You take that away from a person and it is really hard to keep that feeling of "worthless" away from the door. So, Val, my advice is to really start cranking over there. Get that place up to speed -- do as much as you possibly can. Be noticed for your high energy and productivity, and perhaps that terrible boss of yours will soon see you as an annoyance that he can only get rid of by sending you elsewhere.

Dave Jensen, Moderator
"Failure is a bruise -- not a tattoo." -- Jon Sinclair
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Thoughts on scientific career

Postby Steve » Wed Jan 19, 2005 1:33 pm

Your post seems to be in two different parts. Some comments from the past, and then a gripe about your current job.

I can comment on the first issue. My PhD advisor was a young professor in the startup mode. He did quite well at getting people recruited into his lab, but then fell short on the end of helping us move on. I went on to a postdoc that he had nothing to do with, and several other people felt that he had made promises that he didn't deliver on. In short, I don't know if this issue of support from a "young" or "established" professor has anything to do with it. My belief is that it is a personal situation, dictated more by the past experience that you hear/see in the advisor.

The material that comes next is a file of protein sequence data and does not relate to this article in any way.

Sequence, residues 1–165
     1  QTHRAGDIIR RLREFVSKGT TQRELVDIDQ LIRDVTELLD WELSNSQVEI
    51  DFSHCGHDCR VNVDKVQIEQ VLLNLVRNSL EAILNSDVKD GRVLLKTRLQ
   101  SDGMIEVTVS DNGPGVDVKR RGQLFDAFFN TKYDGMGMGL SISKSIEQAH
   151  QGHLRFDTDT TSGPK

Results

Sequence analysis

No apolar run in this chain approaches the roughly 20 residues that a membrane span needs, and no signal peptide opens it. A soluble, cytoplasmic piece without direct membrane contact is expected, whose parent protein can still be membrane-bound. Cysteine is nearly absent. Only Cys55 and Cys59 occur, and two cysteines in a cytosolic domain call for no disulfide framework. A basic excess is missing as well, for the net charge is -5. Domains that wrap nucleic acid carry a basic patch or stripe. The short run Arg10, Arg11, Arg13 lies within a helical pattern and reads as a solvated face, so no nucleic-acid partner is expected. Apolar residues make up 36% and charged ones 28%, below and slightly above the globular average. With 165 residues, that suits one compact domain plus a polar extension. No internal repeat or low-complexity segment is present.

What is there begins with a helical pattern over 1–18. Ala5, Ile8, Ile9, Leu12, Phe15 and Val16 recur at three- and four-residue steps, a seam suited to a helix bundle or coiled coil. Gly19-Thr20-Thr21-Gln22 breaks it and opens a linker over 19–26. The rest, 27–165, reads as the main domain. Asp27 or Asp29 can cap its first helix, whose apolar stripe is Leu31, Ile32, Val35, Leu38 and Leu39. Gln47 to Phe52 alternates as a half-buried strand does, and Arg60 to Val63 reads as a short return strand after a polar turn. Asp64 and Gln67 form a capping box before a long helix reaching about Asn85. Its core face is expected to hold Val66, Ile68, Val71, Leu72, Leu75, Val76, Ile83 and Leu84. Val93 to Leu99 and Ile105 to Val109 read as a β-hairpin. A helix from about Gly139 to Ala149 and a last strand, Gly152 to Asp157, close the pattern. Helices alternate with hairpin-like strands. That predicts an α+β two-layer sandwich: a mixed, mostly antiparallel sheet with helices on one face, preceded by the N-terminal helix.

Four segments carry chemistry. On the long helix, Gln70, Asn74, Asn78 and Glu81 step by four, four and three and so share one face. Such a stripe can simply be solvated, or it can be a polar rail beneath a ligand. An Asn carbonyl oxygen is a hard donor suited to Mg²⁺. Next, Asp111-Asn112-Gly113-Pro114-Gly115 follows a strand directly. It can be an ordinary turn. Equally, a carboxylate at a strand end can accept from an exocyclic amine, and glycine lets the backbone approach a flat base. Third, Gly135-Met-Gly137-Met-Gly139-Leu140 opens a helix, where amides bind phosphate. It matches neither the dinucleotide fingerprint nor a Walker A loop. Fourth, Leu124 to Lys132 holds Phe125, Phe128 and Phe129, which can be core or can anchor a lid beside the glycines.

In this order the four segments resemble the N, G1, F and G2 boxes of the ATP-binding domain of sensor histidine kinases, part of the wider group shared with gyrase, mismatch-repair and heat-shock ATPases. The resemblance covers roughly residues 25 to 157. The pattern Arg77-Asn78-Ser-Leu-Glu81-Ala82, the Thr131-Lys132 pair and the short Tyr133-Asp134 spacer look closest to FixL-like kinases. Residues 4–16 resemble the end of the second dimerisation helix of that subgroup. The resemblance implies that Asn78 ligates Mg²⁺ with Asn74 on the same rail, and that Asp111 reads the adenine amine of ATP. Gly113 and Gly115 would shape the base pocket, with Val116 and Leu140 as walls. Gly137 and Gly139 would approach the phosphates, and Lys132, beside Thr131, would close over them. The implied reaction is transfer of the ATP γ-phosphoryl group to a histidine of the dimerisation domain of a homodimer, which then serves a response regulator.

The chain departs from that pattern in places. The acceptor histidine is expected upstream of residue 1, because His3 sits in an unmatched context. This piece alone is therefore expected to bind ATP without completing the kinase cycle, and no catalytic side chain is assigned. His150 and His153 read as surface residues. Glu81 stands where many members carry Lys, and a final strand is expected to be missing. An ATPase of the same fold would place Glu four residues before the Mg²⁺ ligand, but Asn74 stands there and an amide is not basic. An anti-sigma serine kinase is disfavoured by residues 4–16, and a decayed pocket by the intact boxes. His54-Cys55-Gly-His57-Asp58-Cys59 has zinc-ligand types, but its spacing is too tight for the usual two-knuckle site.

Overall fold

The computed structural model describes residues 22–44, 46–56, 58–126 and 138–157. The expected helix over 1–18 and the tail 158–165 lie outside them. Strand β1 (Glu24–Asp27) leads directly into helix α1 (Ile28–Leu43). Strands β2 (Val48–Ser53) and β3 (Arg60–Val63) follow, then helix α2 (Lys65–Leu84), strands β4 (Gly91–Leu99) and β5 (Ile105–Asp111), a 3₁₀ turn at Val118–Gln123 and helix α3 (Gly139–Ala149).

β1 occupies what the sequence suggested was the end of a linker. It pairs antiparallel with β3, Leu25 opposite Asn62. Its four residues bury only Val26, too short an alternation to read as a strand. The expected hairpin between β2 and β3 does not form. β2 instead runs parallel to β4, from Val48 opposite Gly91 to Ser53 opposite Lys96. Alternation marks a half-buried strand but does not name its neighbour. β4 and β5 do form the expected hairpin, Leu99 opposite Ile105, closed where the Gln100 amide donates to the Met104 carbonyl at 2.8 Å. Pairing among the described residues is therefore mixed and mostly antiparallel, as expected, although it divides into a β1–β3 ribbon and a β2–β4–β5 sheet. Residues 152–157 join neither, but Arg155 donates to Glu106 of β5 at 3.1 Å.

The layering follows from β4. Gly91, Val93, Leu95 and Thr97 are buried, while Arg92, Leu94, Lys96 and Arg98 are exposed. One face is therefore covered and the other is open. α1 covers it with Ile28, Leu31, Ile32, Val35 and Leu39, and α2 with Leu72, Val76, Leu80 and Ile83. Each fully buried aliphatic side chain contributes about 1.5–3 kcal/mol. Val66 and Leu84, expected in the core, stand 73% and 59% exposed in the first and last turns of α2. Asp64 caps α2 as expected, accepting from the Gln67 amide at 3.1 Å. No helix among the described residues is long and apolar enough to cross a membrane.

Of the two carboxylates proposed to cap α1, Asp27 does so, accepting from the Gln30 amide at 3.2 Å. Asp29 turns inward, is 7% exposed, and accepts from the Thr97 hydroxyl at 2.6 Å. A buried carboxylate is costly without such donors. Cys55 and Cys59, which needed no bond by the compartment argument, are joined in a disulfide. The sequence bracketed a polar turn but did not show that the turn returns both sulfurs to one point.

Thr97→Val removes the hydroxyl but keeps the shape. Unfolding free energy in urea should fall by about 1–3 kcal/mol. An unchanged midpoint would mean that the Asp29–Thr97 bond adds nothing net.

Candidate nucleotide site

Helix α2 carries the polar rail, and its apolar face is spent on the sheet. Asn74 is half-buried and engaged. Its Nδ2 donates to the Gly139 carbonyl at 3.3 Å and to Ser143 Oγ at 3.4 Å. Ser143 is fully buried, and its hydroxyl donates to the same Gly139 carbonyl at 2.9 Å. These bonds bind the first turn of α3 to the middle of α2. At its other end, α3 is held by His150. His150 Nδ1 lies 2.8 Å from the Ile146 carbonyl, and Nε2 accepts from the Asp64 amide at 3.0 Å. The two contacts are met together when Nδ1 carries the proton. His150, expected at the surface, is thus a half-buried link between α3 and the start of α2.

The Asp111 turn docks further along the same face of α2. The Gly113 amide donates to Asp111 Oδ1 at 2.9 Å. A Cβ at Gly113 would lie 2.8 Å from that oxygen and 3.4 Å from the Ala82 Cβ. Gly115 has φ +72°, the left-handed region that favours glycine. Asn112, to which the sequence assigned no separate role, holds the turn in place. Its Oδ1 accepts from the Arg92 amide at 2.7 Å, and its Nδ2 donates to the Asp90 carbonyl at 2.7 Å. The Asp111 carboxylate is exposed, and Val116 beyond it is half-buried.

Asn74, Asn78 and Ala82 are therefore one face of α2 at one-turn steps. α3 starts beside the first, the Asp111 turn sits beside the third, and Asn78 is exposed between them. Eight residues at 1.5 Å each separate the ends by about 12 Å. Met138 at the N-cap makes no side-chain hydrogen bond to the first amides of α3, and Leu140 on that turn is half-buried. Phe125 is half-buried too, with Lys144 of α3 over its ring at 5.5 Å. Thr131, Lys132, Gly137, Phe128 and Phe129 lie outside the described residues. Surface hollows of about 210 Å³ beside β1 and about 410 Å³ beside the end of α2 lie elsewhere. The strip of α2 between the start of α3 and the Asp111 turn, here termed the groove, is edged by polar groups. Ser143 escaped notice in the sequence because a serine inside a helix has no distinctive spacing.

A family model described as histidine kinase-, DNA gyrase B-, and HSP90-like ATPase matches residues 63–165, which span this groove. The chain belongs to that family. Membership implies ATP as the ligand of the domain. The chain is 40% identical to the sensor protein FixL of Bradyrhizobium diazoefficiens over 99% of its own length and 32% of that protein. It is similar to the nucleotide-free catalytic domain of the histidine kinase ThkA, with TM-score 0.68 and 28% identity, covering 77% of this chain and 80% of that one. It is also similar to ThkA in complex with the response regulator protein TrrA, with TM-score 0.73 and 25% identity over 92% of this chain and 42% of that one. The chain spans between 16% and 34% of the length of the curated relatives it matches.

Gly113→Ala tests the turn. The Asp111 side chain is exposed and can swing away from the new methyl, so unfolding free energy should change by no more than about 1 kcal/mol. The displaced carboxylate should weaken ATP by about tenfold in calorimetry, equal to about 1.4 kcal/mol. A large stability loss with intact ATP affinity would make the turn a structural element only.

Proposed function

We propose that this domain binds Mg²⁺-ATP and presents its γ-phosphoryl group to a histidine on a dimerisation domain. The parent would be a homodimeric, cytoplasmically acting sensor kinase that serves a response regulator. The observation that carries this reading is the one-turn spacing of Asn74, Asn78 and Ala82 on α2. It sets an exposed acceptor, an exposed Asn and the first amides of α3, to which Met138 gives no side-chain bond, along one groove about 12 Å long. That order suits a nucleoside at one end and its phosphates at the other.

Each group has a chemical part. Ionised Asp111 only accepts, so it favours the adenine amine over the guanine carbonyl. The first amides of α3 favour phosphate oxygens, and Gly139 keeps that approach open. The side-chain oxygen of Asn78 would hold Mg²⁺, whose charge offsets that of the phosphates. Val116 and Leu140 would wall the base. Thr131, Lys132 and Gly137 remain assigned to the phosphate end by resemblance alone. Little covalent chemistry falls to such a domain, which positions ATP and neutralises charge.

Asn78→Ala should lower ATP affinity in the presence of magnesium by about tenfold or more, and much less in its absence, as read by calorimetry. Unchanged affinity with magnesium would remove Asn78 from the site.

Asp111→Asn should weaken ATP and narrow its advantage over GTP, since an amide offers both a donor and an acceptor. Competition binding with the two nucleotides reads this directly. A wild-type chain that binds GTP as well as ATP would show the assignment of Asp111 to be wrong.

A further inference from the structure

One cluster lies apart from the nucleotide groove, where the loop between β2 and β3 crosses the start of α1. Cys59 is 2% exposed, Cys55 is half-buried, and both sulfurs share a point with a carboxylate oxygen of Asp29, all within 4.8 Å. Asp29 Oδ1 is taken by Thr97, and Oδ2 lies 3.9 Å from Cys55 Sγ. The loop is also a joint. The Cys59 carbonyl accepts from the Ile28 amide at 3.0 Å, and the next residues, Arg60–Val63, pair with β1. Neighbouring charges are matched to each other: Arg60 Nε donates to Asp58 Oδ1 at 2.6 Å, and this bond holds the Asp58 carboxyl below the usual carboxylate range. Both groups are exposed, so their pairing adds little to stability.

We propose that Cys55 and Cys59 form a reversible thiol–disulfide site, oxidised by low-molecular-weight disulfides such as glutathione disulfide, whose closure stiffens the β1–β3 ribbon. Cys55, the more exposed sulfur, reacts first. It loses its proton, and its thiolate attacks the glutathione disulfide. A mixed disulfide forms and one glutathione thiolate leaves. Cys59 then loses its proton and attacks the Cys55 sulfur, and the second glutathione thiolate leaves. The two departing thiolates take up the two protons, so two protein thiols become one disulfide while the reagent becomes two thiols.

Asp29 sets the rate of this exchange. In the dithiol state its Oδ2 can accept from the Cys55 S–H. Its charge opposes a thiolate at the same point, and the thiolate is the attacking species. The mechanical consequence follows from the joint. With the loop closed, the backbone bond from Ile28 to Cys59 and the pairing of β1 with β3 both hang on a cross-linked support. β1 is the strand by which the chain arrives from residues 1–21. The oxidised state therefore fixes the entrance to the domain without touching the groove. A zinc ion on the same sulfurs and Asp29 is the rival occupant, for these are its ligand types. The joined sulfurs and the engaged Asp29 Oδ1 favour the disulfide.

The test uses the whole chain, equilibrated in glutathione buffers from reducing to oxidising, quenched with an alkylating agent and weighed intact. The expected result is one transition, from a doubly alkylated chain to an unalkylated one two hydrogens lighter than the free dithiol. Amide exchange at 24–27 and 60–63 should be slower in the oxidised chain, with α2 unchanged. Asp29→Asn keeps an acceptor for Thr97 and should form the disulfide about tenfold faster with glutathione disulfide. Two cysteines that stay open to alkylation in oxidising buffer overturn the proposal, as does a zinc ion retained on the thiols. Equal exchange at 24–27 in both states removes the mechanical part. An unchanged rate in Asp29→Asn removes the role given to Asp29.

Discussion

Thanks val for your post about this. I think it is very important to do the research on whoever you are choosing to be your advisor or postdoctoral lab PI. Talk to others. Find out from previous people in the lab how much help they got, etc. It can only help.

S.